We Are Not All Environmentalists, Nor Must We Be. A Post-Election Reflection
In the difficult years ahead, environmental organizations should address the social inequities challenging millions of Americans — a founding principle of American environmentalism.
In the shadow of the celebrations and recriminations that followed the 2016 presidential election, an important discussion is taking place about a neglected piece of America and how it voted. The environmental movement should take heed.
A fractured nation emerged more divided after Donald Trump’s decisive victory in the Electoral College. Overnight, demonstrations broke out in major cities. Hate crimes were on the rise. Accusations of racism and misogyny, elitism and fraud were fired like so much birdshot into the virtual public square. Bigotry populated Twitter, and on Facebook accusatory posts and broken ties with family and friends were commonplace. Environment has been a frequent topic — of concern and division, mostly the latter.
Candidate Trump was clear about his intentions. He called climate change a hoax perpetrated by China, and pledged to radically retool the Environmental Protection Agency. President-elect Trump then appointed climate change antagonist Myron Ebell of the Competitive Enterprise Institute to oversee the transition of the EPA. If the new administration so chooses, it can set back American environmental policy two generations by use of executive authority alone.
Many have demeaned the voters who delivered the Electoral College to Mr. Trump as hate mongers and uneducated, but the stereotypes are crumbling. It was the Rust Belt, the South and rural America that brought the win, and Secretary Clinton is enduring intense criticism for having focused her attention elsewhere, on a narrow demographic she believed would eke out her victory. In so doing, she sealed her political fate. With some self-reflection, environmentalists can learn from her missteps.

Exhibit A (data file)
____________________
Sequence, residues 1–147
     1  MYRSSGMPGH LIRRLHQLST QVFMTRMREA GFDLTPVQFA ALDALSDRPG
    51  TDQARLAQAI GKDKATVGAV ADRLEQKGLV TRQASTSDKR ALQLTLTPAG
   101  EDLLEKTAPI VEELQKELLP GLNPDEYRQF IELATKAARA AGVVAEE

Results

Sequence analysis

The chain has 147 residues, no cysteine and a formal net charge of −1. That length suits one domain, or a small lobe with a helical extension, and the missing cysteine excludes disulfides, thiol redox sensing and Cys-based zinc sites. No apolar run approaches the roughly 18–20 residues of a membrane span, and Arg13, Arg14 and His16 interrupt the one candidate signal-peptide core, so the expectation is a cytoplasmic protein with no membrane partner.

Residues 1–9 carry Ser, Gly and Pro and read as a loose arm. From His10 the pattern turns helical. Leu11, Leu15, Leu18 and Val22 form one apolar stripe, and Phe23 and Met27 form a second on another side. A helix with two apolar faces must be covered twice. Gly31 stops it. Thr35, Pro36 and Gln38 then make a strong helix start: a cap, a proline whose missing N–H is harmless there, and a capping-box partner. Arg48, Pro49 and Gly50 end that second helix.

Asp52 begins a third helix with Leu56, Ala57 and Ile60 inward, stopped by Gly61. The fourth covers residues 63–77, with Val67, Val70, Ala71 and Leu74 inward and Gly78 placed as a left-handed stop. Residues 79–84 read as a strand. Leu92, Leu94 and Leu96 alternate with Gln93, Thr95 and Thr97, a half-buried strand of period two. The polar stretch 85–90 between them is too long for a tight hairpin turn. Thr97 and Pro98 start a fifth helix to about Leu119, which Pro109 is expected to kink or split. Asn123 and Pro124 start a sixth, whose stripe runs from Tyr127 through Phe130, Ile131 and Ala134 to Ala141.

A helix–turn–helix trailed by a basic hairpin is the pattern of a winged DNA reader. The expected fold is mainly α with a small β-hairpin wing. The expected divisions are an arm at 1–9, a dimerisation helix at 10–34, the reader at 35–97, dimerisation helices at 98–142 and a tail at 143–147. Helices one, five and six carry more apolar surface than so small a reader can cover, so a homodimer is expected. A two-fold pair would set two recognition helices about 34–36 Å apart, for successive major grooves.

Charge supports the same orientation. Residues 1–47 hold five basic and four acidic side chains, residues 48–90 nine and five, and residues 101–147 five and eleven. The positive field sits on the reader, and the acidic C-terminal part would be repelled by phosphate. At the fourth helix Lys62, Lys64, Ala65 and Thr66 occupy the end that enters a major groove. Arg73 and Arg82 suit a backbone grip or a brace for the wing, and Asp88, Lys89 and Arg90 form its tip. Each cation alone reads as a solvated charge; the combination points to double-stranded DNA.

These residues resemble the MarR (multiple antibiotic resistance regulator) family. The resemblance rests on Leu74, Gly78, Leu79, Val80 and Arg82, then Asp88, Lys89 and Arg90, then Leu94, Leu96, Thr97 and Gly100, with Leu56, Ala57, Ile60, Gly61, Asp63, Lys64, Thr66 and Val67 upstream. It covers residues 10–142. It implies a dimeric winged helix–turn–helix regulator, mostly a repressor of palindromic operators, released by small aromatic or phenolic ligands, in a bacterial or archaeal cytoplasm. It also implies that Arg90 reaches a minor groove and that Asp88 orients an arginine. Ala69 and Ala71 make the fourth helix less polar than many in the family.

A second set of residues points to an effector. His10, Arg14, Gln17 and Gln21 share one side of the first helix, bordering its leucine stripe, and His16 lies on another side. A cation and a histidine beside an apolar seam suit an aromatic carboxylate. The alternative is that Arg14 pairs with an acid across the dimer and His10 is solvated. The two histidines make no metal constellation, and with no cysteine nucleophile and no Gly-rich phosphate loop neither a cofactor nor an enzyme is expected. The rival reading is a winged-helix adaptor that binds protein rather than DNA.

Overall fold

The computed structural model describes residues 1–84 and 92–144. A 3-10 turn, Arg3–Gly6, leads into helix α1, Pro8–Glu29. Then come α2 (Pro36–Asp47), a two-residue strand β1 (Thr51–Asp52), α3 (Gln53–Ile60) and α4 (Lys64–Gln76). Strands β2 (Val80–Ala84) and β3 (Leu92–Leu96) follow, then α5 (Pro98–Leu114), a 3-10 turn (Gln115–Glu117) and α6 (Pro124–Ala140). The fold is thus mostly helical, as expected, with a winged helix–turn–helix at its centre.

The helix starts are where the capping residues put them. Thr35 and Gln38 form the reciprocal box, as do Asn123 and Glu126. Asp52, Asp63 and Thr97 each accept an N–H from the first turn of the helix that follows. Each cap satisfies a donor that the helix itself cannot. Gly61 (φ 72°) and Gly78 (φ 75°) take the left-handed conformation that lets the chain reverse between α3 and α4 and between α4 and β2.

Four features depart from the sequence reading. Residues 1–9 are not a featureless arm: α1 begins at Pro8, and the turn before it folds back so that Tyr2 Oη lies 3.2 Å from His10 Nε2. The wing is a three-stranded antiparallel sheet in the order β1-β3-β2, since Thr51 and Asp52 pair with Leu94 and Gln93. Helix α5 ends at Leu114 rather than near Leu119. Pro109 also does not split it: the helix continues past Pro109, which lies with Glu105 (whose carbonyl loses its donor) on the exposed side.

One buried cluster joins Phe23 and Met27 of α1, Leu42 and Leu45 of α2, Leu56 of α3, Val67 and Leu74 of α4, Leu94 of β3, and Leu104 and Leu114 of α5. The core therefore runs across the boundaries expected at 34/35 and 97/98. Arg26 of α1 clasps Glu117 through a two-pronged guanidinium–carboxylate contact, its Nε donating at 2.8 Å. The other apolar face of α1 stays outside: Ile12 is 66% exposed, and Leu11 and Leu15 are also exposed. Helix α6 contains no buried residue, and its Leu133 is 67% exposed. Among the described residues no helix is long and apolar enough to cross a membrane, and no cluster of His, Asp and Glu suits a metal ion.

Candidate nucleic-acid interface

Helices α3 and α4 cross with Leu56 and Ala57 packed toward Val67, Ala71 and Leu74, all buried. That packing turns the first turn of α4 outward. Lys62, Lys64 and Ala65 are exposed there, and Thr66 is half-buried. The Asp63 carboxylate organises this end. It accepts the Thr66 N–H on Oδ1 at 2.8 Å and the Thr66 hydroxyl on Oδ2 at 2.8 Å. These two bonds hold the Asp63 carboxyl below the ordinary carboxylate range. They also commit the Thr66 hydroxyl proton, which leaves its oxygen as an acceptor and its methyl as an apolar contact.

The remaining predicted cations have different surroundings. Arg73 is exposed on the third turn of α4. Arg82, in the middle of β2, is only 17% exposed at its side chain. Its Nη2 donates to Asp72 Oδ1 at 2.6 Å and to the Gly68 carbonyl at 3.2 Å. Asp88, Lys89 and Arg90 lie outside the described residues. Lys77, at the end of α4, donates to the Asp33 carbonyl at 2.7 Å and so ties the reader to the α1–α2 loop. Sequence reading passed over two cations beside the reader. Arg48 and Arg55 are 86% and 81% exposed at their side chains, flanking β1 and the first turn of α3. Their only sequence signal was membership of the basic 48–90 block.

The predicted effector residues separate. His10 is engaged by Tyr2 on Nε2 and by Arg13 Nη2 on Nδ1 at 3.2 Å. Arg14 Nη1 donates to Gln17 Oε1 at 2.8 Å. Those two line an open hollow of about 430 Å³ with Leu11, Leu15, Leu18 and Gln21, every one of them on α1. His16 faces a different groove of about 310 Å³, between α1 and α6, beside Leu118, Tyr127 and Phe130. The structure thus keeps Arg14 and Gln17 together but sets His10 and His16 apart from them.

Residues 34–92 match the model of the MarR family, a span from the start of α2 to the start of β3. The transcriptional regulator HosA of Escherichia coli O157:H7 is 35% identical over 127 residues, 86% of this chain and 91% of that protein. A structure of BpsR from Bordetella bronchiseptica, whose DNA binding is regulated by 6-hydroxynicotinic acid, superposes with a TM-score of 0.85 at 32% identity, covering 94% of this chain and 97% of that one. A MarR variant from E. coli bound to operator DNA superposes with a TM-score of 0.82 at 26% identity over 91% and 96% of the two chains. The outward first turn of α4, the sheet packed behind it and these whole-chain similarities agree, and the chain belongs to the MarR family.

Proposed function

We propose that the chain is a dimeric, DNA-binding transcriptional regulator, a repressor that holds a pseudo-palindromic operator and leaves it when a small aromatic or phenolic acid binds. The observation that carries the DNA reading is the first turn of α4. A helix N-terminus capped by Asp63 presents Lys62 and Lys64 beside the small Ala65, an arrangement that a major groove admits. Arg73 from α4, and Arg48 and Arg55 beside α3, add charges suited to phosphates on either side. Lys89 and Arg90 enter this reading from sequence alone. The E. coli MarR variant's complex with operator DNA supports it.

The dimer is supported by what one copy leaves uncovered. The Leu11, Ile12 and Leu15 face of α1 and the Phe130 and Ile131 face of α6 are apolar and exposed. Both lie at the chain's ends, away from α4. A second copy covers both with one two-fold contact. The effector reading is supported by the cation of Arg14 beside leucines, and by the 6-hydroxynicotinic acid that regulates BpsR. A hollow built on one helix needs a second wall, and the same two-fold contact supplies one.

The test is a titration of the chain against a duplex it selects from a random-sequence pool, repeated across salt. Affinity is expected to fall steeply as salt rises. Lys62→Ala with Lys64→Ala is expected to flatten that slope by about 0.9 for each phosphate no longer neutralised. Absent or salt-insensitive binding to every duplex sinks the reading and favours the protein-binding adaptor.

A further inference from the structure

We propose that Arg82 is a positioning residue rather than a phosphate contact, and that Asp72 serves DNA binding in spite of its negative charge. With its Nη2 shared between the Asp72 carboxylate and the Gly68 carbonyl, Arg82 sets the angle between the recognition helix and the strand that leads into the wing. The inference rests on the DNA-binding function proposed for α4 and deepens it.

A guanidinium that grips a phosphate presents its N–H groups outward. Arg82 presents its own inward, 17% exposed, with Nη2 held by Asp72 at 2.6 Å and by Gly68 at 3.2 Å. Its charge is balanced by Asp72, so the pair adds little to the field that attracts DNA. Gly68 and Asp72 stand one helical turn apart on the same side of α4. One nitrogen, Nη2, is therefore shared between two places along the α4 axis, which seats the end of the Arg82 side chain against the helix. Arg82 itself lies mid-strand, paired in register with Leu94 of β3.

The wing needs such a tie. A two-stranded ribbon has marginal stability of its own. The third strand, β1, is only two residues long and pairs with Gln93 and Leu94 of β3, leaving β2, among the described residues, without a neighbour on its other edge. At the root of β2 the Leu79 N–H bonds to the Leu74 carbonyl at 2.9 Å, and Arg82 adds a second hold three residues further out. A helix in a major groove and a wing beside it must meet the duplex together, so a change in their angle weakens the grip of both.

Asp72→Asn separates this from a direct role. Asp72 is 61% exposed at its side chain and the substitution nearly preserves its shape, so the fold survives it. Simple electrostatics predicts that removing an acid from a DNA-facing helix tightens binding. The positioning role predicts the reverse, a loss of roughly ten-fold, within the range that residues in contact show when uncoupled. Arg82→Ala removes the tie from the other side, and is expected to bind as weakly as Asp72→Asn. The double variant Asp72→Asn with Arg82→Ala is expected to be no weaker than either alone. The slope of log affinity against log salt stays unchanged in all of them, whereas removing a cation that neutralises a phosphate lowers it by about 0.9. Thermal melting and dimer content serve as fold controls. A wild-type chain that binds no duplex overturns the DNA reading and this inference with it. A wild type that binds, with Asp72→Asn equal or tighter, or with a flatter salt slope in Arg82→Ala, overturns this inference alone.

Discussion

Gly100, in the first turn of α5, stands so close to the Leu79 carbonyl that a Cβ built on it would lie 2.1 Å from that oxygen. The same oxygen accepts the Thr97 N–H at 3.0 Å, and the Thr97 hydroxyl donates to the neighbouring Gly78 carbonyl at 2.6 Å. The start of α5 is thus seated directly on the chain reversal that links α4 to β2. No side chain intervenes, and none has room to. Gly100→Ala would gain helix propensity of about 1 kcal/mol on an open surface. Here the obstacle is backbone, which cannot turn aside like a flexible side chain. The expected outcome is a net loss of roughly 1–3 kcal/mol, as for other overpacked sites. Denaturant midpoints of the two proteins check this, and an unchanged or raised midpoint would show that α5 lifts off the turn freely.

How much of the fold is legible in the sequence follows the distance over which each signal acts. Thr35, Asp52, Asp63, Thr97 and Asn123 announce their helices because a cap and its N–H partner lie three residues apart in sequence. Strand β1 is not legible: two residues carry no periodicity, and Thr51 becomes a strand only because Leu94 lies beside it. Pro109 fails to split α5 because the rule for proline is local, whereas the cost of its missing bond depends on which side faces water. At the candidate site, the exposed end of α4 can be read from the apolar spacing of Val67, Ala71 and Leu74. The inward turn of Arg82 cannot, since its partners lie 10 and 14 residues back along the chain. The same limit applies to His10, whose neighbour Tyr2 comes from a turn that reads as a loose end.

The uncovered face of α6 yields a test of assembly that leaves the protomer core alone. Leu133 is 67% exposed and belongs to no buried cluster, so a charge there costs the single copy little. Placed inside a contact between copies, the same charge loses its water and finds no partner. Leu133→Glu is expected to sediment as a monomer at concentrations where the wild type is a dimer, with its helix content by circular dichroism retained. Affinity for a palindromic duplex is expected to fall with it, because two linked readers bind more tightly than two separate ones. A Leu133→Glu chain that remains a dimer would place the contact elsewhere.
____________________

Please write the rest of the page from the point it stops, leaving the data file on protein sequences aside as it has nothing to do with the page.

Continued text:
There are people in America whose personal circumstances leave them little room to identify as environmentalists.
A recent story on the Smithsonian Magazine site is illustrative. In its “The Age of Humans” section, the magazine devoted an eye-grabbing headline and photo to a Generation Anthropocene podcast with writer Kim Stanley Robinson. The thirty-six minute audio file was posted as well. Here is an excerpt at the 8:00 mark:
Host: Would you call yourself an environmentalist?
Robinson: Oh yes. Sure.
Host: Without hesitation?
Robinson: No, of course not. No hesitation at all. To me, either you’re an environmentalist or you’re not paying attention, or you’re in denial somehow.
Smithsonian broke out that last sentence in large boldface as a sub-headline. Reposts of the quote then appeared on 150 or more online forums. Robinson’s careless language – if you are not an environmentalist you are clueless or uncaring – combined with Smithsonian’s tacit endorsement, is indicative, no matter how unintended, of the elitism and arrogance for which contemporary environmentalism is often criticized. The fact is, we cannot all be environmentalists, nor must we be. Some people are necessarily “paying attention” to other priorities.